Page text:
ERISA protects "qualified retirement plans", which include traditional defined benefit plans and 401(k) accounts. Under the ERISA "anti-alienation" provision, 29 USC 1056(d)(1), the funds cannot be "assigned or alienated", and are not subject to attachment to pay the debts of the participant.
For some time, there was uncertainty about the status of IRAs. Since they are not qualified plans and not governed by ERISA, the anti-alienation provision of that law does not apply. The Federal exemption under U.S. bankruptcy law, at 11 USC 541(c)(2), protects money in a "trust", including an IRA, that contains a "restriction on transfer" that is enforceable under "non-bankrutpcy law". In In re Yuhas, 104 F. 3d 612 (3rd Cir 1997), the court, drawing on a 1992 decision of the U.S. Supreme Court involving an ERISA plan, found that an IRA was protected under the bankruptcy law by virtue of the protection afforded under New Jersey law.
Under the bankruptcy system, a debtor is allowed to choose between Federal and state exemptions. Hence, when state exemptions are chosen, the protective provisions of state law must be examined.
In Michigan, the protection from attachment on a judgment is provided under MCL 600.6023(1)(k), and the state protection of IRAs for bankruptcy purposes is found at MCL 600.5451. The protection under both sections applies to both individual retirement accounts and individual retirement annuities. The protection does not extend to any contribution to the account made within 120 days of filing for bankruptcy.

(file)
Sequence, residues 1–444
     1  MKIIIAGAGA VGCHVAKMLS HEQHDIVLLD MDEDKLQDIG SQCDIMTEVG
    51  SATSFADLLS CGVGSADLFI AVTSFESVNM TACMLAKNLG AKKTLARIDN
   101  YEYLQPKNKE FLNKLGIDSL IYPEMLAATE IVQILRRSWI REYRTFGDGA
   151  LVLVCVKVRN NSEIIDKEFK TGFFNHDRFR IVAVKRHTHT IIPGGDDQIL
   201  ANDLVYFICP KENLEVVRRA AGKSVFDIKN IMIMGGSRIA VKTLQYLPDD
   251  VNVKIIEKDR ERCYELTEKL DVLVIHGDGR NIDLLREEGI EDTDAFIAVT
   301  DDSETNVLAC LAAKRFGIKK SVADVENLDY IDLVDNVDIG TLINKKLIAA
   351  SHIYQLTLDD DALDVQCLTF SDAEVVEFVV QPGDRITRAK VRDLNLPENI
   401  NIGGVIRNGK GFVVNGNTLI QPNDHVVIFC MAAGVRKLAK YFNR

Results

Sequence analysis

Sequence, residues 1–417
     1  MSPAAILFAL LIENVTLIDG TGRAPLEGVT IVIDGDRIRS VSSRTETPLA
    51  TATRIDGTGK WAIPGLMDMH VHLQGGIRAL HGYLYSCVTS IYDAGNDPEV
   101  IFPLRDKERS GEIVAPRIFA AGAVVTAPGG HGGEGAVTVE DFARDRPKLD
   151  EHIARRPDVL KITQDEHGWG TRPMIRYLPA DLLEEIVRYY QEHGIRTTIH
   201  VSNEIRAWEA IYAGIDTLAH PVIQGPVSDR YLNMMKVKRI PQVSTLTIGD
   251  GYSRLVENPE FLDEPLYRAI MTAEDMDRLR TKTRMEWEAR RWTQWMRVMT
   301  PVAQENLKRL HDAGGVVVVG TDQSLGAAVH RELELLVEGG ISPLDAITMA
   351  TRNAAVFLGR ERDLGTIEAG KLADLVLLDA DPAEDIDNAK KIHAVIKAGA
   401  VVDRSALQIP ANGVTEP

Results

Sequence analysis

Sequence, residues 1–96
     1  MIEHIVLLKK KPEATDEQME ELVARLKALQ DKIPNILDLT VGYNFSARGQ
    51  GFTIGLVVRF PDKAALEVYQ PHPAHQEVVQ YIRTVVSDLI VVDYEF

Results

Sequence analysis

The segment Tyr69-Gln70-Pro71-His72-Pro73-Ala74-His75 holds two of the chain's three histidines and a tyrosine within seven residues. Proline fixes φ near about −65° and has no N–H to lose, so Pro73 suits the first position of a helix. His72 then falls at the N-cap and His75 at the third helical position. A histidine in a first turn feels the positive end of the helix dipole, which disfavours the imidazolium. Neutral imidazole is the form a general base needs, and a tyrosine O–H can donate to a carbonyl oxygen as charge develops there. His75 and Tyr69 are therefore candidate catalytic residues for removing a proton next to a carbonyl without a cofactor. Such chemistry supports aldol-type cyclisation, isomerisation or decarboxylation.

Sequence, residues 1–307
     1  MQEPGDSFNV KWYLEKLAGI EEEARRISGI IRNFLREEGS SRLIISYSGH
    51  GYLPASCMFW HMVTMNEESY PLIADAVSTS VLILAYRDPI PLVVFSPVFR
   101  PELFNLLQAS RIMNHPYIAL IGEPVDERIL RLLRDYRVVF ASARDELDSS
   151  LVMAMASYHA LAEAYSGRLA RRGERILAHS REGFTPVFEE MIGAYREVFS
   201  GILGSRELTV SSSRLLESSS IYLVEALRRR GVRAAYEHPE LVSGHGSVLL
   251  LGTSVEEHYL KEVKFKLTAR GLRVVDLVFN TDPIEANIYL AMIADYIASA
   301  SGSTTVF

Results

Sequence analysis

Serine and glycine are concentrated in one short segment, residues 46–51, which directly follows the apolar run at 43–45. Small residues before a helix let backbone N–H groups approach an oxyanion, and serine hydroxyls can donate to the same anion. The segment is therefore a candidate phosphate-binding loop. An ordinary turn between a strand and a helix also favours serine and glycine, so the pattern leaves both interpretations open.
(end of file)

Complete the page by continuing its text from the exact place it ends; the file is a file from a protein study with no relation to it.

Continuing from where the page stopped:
There are some differences. The protection under section 5451 applies to Roth IRAs as well, while section 6023 is silent on Roths. Section 5451 also protects distributions from the accounts after they are made.
There are certain creditors against whom these protections are not effective. The IRS has the power to reach any retirement account of a delinquent taxpayer. Special provisions under sections 401 and 408 of the Internal Revenue Code provide for division or transfer of a qualified retirement plan and IRA by a court in the course of divorce proceedings. The Michigan provision regarding IRAs mentions this exception as well, and further allows the court to order that the funds be used to meet the participant's child support obligations.
For several years, there was an ongoing controversy about whether the protection of IRAs covers only the participant's account. Some litigants argued that the interest of a non-spouse beneficiary in an inherited IRA should not receive the same protection. There have now been a number of Federal and state cases which have held that an inherited IRA is entitled to the same protection from creditors. The most recent such case was In re Chilton, 426 B.R. 612 (E D Tex 2010).